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Title: Development of optical instrumentation and methods to monitor brain oxygen metabolism : application to neonatal brain injury
Author: Bale, G. M.
ISNI:       0000 0004 7230 4062
Awarding Body: UCL (University College London)
Current Institution: University College London (University of London)
Date of Award: 2016
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Hypoxic ischemic encephalopathy (HIE) is a relatively common and potentially devastating form of perinatal brain injury, associated with neurodevelopmental problems and mortality. HIE is an evolving process. There is a need for real-time, in-vivo measurements of brain oxygenation and metabolism for clinical assessment in the first days of life, to detect those at risk of further brain injury who may benefit from redirection of care. This thesis describes the development of a broadband near-infrared spectroscopy (NIRS) system to monitor changes in metabolism and haemodynamics in HIE infants at the cotside. This system uses multiple wavelengths (λ=136,770-905nm) to monitor changes in concentration of the oxidation state of cytochrome-c-oxidase (oxCCO) as well as haemoglobin oxygenation. Changes in oxCCO are indicative of CCO redox state changes within mitochondria and therefore represent oxygen utilization. The 2-channel system incorporates a broadband source, optical fibres, spectrograph and CCD. This set up is flexible and robustly monitors changes in haemoglobin and oxCCO. The system was developed specifically for the neonatal intensive care unit (NICU) and has been demonstrated on 38 brain-injured newborn infants (28 with HIE). Data was continuously collected over the frontal lobe simultaneously with systemic data for multimodal analysis. This allows the study of cerebral changes in response to global pathophysiological events. HIE was assessed by magnetic resonance spectroscopy measurement of lactate to NAA ratio (Lac/NAA), the gold standard for neurodevelopmental outcome. Initially the analysis focussed on spontaneous hypoxias. The relationship between haemoglobin oxygenation and oxCCO during hypoxic events was significantly associated with Lac/NAA (n=22,r=0.51,p=0.02). Further investigation of the dynamics of the cerebral changes during hypoxias found oxCCO differences with injury severity (not observed in haemoglobins). Finally, the relationship between cerebral signals and systemic physiology was investigated with a multivariate statistical technique. A strong relationship between oxCCO and systemic changes indicated severe brain injury (n=12,p=0.04).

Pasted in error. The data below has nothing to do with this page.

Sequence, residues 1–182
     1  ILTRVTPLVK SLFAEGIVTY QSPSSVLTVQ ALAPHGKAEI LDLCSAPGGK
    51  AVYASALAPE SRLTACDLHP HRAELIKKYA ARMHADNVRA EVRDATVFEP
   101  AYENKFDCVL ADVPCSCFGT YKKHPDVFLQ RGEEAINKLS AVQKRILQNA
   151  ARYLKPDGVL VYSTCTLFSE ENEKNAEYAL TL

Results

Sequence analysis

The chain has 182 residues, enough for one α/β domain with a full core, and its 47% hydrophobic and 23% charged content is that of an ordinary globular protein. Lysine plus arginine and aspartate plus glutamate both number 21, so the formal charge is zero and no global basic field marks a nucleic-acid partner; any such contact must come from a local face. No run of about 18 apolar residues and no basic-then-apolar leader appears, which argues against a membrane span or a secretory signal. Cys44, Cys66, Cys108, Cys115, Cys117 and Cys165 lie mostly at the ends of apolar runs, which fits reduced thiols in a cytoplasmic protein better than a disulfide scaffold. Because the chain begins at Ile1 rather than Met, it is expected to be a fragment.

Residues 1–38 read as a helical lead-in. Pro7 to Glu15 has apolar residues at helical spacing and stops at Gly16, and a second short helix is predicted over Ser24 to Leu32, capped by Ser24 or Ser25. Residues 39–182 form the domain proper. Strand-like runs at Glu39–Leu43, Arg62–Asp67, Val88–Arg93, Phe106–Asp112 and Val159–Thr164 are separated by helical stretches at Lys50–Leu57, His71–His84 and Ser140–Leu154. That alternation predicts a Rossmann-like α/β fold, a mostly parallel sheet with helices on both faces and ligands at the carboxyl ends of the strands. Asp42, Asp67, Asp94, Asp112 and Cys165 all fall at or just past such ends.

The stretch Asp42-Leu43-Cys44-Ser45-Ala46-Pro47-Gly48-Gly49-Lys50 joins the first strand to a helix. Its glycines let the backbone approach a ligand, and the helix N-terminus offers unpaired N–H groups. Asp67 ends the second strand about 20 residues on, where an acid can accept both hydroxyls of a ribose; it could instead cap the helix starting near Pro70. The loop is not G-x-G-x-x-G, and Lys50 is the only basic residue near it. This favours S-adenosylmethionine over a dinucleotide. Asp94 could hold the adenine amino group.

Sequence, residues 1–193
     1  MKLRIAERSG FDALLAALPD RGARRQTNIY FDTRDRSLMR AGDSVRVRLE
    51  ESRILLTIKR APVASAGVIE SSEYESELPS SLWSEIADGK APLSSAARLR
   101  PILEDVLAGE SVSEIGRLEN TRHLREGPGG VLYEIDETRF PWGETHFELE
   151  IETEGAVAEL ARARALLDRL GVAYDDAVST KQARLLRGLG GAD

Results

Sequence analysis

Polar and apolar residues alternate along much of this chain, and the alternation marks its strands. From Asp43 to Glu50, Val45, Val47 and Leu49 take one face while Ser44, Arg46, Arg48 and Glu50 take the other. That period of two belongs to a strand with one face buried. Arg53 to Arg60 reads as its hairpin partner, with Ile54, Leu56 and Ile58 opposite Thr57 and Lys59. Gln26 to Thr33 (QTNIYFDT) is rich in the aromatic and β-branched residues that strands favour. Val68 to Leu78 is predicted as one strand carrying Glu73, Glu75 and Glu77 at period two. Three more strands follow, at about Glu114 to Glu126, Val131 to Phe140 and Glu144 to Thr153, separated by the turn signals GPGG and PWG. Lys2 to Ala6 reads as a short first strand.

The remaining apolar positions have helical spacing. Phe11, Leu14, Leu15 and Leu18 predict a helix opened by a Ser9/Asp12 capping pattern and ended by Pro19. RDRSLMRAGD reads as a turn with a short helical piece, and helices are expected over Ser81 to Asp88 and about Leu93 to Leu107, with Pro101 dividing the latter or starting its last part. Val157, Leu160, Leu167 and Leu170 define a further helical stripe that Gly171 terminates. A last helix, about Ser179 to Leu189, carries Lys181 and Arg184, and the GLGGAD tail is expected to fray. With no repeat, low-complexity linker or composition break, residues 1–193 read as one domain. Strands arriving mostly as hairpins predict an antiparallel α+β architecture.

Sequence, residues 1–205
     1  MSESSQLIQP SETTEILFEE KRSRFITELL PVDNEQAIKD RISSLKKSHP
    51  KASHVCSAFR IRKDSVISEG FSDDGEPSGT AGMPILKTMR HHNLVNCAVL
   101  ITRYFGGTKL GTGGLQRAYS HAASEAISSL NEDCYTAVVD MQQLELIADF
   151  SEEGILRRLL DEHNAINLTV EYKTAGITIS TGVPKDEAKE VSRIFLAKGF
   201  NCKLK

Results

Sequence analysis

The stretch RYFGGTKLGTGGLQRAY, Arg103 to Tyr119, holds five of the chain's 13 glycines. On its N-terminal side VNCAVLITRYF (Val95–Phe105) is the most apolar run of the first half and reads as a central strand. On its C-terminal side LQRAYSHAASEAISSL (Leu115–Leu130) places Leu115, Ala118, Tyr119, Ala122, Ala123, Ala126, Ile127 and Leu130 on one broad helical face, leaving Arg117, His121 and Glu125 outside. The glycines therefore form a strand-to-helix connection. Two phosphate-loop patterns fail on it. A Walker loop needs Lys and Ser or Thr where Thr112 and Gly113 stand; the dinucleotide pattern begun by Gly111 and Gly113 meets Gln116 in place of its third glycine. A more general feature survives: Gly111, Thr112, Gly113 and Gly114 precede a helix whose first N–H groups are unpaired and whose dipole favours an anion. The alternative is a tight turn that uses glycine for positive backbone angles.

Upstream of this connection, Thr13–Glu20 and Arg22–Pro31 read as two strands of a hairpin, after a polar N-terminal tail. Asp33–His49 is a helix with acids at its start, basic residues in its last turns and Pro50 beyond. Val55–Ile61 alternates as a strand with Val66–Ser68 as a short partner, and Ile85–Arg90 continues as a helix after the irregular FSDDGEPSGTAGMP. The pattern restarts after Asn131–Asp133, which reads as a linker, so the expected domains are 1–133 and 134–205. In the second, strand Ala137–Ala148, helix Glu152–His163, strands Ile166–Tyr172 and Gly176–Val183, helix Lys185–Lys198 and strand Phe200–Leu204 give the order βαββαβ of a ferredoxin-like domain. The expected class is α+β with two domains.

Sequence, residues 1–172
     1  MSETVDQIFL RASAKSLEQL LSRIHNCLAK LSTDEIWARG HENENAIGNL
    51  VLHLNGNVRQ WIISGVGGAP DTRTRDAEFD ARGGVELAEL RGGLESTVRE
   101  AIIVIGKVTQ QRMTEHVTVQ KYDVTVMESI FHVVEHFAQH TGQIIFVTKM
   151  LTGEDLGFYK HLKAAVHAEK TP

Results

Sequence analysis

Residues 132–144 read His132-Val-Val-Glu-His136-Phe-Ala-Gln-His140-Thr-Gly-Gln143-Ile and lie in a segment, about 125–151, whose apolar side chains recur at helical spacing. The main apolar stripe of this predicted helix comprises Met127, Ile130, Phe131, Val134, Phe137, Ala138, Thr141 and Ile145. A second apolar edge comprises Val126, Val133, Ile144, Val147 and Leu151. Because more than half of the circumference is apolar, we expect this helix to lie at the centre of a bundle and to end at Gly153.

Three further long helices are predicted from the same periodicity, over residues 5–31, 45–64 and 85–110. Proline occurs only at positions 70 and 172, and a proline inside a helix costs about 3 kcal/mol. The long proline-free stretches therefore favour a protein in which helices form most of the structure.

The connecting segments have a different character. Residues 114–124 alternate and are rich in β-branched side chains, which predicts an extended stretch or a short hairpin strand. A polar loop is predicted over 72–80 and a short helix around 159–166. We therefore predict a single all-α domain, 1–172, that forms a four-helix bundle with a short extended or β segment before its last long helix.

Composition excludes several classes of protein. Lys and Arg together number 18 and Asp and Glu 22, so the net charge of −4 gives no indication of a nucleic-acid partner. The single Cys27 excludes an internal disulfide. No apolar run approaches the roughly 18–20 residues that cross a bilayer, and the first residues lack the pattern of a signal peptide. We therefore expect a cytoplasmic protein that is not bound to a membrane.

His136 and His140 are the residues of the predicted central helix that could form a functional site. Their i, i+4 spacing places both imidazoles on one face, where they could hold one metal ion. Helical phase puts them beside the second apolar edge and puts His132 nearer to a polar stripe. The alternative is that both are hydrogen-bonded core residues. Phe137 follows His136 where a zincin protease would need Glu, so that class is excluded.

Supervisor: Tachtsidis, I. ; Meek, J. Sponsor: Not available
Qualification Name: Thesis (Ph.D.) Qualification Level: Doctoral
EThOS ID:  DOI: Not available